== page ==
Match-It: Jewish Edition
September 20, 2019
Match-It is a game that is pretty self-explanatory. There are a set number of tiles that each have a picture on them with each tile having a match. You flip them over, scramble them, set them into rows, then get to trying to match them. If there is only one player, then it's a free for all and you can play to your hearts content by flipping them over and seeing where each matching tile is without fear of another person getting the match. If there is more than one player, then you take turns flipping over two tiles at a time and whoever gets the most matches wins.
At Westminster, instead of having individuals play against one another, Hope McCormack from the Jewish Pavilion had people divided into teams and the teams compete to see who could get all the tiles matched first. Both teams did great and it was a close game but residents Joe and Jane came out victorious in the end. Joe had a great time explaining to Jane what the tiles had to do with Judaism. After explanations from McCormack were given to everyone about the tiles and their ties to Judaism, the residents enjoyed some fruit before departing for their next destination.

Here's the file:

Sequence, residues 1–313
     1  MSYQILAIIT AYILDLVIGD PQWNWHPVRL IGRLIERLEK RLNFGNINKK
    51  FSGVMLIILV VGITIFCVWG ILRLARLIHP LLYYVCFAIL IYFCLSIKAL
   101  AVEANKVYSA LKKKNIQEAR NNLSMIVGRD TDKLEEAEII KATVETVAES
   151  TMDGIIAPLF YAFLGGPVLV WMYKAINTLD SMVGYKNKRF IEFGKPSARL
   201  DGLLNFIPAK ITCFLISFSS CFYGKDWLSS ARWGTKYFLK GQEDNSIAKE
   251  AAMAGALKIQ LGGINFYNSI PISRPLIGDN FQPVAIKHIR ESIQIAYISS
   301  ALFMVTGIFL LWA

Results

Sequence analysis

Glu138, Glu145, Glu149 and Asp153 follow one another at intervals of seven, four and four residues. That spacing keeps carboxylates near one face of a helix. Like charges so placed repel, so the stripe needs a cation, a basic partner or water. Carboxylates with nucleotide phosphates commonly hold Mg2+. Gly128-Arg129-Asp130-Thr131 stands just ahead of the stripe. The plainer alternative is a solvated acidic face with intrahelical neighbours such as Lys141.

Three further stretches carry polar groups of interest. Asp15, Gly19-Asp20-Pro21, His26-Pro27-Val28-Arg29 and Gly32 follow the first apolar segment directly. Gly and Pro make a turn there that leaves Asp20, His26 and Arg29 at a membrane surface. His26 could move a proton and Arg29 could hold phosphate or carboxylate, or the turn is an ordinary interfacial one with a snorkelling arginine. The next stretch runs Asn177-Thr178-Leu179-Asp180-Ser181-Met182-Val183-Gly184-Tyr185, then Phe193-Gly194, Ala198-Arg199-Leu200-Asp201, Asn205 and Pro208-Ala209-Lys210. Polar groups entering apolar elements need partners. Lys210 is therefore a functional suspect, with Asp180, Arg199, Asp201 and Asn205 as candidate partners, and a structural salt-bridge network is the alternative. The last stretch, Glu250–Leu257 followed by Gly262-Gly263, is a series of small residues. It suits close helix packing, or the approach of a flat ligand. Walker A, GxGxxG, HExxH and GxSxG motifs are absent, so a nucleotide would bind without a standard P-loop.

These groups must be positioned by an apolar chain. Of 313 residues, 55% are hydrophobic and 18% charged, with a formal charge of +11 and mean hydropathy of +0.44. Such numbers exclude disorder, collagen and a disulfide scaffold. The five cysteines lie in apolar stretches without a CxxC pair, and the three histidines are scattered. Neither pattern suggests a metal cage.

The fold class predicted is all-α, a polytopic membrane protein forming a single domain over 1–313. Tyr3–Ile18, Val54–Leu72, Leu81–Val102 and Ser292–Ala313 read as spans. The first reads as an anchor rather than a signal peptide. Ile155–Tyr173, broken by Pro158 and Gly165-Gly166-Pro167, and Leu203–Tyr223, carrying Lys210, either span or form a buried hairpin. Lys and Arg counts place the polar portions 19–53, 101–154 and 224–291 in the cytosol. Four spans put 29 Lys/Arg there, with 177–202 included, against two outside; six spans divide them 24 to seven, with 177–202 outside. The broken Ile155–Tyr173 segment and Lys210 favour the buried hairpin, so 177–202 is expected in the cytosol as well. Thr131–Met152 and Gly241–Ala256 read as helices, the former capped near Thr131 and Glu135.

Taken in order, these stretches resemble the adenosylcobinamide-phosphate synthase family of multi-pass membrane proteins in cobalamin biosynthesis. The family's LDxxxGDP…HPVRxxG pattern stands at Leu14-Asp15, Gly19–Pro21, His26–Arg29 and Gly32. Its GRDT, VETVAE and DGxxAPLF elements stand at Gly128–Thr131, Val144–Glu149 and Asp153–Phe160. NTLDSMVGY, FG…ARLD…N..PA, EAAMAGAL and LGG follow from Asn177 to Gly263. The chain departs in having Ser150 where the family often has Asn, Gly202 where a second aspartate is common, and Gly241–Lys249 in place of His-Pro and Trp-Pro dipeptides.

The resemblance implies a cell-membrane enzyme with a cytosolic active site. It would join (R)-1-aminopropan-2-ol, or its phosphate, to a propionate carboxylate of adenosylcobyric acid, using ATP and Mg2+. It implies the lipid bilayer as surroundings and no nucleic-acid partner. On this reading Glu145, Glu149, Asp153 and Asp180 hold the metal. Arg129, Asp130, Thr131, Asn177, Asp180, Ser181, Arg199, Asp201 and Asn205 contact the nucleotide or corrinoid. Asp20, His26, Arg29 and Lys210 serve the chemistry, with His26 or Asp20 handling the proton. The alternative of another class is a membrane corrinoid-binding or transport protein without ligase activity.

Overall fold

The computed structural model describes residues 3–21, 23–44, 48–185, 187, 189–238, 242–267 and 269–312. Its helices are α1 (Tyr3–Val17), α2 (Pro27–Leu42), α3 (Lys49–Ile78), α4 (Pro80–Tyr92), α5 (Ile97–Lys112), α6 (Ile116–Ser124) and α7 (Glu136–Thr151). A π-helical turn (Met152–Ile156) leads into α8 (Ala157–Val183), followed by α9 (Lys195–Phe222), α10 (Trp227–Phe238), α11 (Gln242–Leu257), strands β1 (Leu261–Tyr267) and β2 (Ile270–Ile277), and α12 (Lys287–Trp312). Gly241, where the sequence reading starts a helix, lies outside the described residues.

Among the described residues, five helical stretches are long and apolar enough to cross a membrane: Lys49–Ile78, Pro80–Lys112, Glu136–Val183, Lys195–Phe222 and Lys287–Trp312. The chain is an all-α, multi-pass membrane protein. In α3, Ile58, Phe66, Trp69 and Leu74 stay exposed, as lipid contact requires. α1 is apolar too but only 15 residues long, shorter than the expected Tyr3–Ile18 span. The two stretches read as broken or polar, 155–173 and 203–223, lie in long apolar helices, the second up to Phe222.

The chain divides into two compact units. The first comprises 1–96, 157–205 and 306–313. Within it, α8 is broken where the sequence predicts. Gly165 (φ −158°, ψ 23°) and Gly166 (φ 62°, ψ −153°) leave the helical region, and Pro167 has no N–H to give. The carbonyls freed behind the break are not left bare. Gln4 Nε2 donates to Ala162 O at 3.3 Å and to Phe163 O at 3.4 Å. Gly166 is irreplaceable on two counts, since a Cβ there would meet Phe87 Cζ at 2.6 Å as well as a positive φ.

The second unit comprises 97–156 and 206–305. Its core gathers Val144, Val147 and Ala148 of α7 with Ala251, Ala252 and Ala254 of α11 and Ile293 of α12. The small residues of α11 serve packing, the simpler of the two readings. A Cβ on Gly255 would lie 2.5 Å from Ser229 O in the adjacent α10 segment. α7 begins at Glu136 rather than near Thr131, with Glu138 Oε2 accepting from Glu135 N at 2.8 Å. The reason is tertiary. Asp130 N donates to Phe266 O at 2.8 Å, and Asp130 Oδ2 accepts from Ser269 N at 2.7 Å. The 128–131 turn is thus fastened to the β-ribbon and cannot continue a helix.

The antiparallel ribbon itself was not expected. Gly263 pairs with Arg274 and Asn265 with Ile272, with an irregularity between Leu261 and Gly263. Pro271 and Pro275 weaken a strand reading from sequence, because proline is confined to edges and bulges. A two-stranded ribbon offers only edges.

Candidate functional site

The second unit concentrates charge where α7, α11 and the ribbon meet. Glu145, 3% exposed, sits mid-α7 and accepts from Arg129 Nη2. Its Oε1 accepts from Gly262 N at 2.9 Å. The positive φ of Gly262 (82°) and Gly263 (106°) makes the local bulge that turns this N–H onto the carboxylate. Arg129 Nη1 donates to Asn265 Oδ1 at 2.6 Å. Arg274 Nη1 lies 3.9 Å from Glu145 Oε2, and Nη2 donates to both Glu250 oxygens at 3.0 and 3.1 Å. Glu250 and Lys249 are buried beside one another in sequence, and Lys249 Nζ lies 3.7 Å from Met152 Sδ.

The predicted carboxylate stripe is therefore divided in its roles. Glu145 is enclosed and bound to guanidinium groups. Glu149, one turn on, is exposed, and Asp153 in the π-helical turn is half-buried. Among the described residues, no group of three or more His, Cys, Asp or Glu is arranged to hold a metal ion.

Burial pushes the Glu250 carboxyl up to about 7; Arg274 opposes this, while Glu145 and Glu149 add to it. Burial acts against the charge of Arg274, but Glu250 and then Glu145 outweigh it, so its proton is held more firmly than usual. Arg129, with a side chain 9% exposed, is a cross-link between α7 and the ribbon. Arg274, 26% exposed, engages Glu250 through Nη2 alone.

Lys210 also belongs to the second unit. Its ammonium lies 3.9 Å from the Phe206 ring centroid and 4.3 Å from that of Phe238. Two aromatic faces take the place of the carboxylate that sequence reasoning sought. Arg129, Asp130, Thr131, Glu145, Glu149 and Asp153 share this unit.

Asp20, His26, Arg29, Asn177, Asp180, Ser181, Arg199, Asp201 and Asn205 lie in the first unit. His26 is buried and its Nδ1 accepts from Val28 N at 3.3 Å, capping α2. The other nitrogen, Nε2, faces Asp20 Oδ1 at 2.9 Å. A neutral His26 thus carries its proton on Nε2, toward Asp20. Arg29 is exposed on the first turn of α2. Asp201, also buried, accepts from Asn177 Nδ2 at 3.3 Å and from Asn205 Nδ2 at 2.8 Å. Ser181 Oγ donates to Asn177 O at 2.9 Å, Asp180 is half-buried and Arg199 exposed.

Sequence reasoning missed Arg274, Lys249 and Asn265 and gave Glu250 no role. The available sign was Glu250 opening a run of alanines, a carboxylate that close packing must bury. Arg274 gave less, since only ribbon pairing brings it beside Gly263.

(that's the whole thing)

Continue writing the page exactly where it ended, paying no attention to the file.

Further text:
At Brookdale Dr. Philips, there are only two Jewish residents, so the Match-It game turned into a short lesson on Judaism. McCormack once again broke the residents into teams and had them play against one another, however, as they matched the tiles together explanations on how they represent Judaism and its culture were given. The residents loved learning about the Menorah and why the candles are lit every night for eight nights and also about Tefillin and how they contain Hebrew parchment scrolls.
Overall, the residents at the different facilities loved playing Match-It: Jewish Edition. Not only did they get to learn about Jewish culture, but they also got to use their minds to memorize where each tile was and where its match was located. When asked, Joe from Westminster said, "A game that forces us to use our minds is the best game you could come up with."
Match-It definitely forced the residents to use their minds and have fun doing so.